Press Release (ePRNews.com) - LONDON - May 26, 2017 - There are over 83 million people on Facebook who are not who they say they are, according to Richard Pursey, CEO of UK-based SafeToNet, one of the innovators featured on LEO, the innovation marketplace. SafeToNet is using A.I. enabled technology to help parents protect children from cyberbullying, aggression, abuse, sexting and other predatory risks on social networks.
In a podcast interview for journalists, Pursey discusses his company’s next-generation solution for keeping kids safe online which recently distinguished itself as a leading “e-safety company” by winning First Prize in the BT Infinity Lab competition in November of 2016.
“We’re stepping up to the challenge of cyberbullying, abuse, aggression, sextortion, grooming and other predatory risks that we all aware of and especially on social networks,” Pursey says. “Most of us are familiar with parental control systems, which sadly are just not good enough. All they do is block access to harmful websites – they do not work in the social networking or messaging layer of activity. SafeToNet does.”
SafeToNet, which launched in the first quarter 2017, uses self-learning algorithms that leverage data mining, pattern recognition and natural language processing to mimic the way the human brain works. It blocks harmful messages before they are seen and identifies grooming, radicalization and other predatory risks. “We built this artificial intelligence environment – it’s a cognitive computing system where we mix natural language processing with Big Data analytics all in a machine-learning environment,” Pursey says.
The company accomplishes this through the use of deep learning techniques and neural networks that compare new information in real time to a teaching set of data that SafeToNet developed from extensive academic and scientific research. The more data SafeToNet is exposed to, the more it learns, and the more accurate the software becomes over time.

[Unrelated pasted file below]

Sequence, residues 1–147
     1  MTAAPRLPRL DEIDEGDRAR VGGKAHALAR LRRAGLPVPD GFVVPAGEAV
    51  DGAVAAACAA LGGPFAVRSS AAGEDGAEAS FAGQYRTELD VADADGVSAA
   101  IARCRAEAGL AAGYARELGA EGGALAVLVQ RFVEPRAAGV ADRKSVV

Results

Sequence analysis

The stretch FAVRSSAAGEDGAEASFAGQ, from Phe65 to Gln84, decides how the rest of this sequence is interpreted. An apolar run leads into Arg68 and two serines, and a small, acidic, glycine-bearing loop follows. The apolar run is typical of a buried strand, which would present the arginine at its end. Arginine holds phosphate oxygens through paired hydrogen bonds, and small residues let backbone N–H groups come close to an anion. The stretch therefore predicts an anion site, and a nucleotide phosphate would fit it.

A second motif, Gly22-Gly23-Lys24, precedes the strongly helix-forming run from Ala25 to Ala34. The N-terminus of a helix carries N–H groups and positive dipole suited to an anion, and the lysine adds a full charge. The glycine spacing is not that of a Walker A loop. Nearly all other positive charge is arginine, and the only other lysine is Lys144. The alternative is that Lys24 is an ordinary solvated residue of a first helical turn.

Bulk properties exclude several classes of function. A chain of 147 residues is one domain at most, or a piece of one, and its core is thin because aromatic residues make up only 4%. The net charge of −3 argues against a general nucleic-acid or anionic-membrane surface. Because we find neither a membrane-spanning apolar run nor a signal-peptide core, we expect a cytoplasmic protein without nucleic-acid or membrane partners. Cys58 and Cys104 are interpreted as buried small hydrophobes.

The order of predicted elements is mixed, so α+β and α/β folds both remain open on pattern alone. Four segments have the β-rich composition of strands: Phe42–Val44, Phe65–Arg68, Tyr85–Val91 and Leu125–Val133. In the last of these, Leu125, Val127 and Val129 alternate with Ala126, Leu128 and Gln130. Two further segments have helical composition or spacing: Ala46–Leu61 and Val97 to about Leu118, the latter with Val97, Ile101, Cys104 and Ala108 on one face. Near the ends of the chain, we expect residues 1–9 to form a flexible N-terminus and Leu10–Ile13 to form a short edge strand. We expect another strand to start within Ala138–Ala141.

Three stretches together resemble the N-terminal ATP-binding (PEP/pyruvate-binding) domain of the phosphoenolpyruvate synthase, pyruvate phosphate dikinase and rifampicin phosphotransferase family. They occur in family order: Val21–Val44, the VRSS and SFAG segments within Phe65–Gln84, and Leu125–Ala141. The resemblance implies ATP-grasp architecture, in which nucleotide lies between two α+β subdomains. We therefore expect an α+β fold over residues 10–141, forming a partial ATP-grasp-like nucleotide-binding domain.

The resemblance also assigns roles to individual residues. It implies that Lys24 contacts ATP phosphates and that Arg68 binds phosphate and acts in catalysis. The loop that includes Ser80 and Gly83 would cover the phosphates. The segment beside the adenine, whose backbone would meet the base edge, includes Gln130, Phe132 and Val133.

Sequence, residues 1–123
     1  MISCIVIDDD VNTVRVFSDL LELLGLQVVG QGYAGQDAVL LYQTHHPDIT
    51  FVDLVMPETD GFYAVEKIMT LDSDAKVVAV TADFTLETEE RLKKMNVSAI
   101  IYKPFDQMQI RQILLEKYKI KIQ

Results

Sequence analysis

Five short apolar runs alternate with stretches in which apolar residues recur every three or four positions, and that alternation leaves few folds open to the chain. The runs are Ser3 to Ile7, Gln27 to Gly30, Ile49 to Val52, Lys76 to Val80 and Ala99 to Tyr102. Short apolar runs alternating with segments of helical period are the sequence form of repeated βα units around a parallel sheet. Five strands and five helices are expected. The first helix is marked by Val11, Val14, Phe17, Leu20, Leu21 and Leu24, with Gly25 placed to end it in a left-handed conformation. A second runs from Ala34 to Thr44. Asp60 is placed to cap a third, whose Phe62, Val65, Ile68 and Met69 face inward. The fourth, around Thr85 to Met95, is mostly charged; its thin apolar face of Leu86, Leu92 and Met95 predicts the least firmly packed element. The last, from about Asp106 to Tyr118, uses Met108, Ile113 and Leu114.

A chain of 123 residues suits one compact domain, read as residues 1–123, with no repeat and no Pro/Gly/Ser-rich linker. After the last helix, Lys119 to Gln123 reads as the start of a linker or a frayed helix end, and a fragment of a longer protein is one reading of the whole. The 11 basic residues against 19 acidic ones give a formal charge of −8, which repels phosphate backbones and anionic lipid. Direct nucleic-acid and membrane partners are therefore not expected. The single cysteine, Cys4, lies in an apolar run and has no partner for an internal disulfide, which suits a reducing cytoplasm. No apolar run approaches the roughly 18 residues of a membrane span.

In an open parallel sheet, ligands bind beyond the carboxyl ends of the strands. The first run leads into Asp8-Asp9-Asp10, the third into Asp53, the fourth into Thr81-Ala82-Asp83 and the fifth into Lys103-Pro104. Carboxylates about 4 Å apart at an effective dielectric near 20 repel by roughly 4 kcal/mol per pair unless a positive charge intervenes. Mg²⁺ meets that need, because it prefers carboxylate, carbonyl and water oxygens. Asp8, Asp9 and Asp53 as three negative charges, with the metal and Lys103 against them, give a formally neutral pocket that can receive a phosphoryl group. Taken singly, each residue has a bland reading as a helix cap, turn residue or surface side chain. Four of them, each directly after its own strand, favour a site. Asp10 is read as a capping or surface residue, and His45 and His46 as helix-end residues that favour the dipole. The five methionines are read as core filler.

“These are all great trendy words – we get that, but they’re fundamentally vital to what we do, because they allow us to automatically contextualize the messages that children are sending and receiving on social networks,” Pursey says. “By doing that we can detect anything that’s harmful and block it before it’s seen and before the damage is done.”
Eighty-five percent of what SafeToNet does is in the cloud, the rest is a downloadable Android or iOS app. While parents have the ability to remotely control and manage their child’s device, or even block individual apps, Pursey has a clearly defined sense of the line between a child’s safety and his/her privacy. “SafeToNet does not snoop into children’s online activity because they have rights too,” he says.
“This is where a lot of companies have got it wrong because they don’t respect children’s privacy,” he continued. “We think it’s vital because children are very, very clever. They’ll know more about technology than you or I ever will ever know. It’s important to get their hearts and minds into it – to understand it’s not about snooping or prying – it’s about keeping them safe from the people they know instinctively are out there.”
To listen to the LEO podcast interview with Pursey visit:
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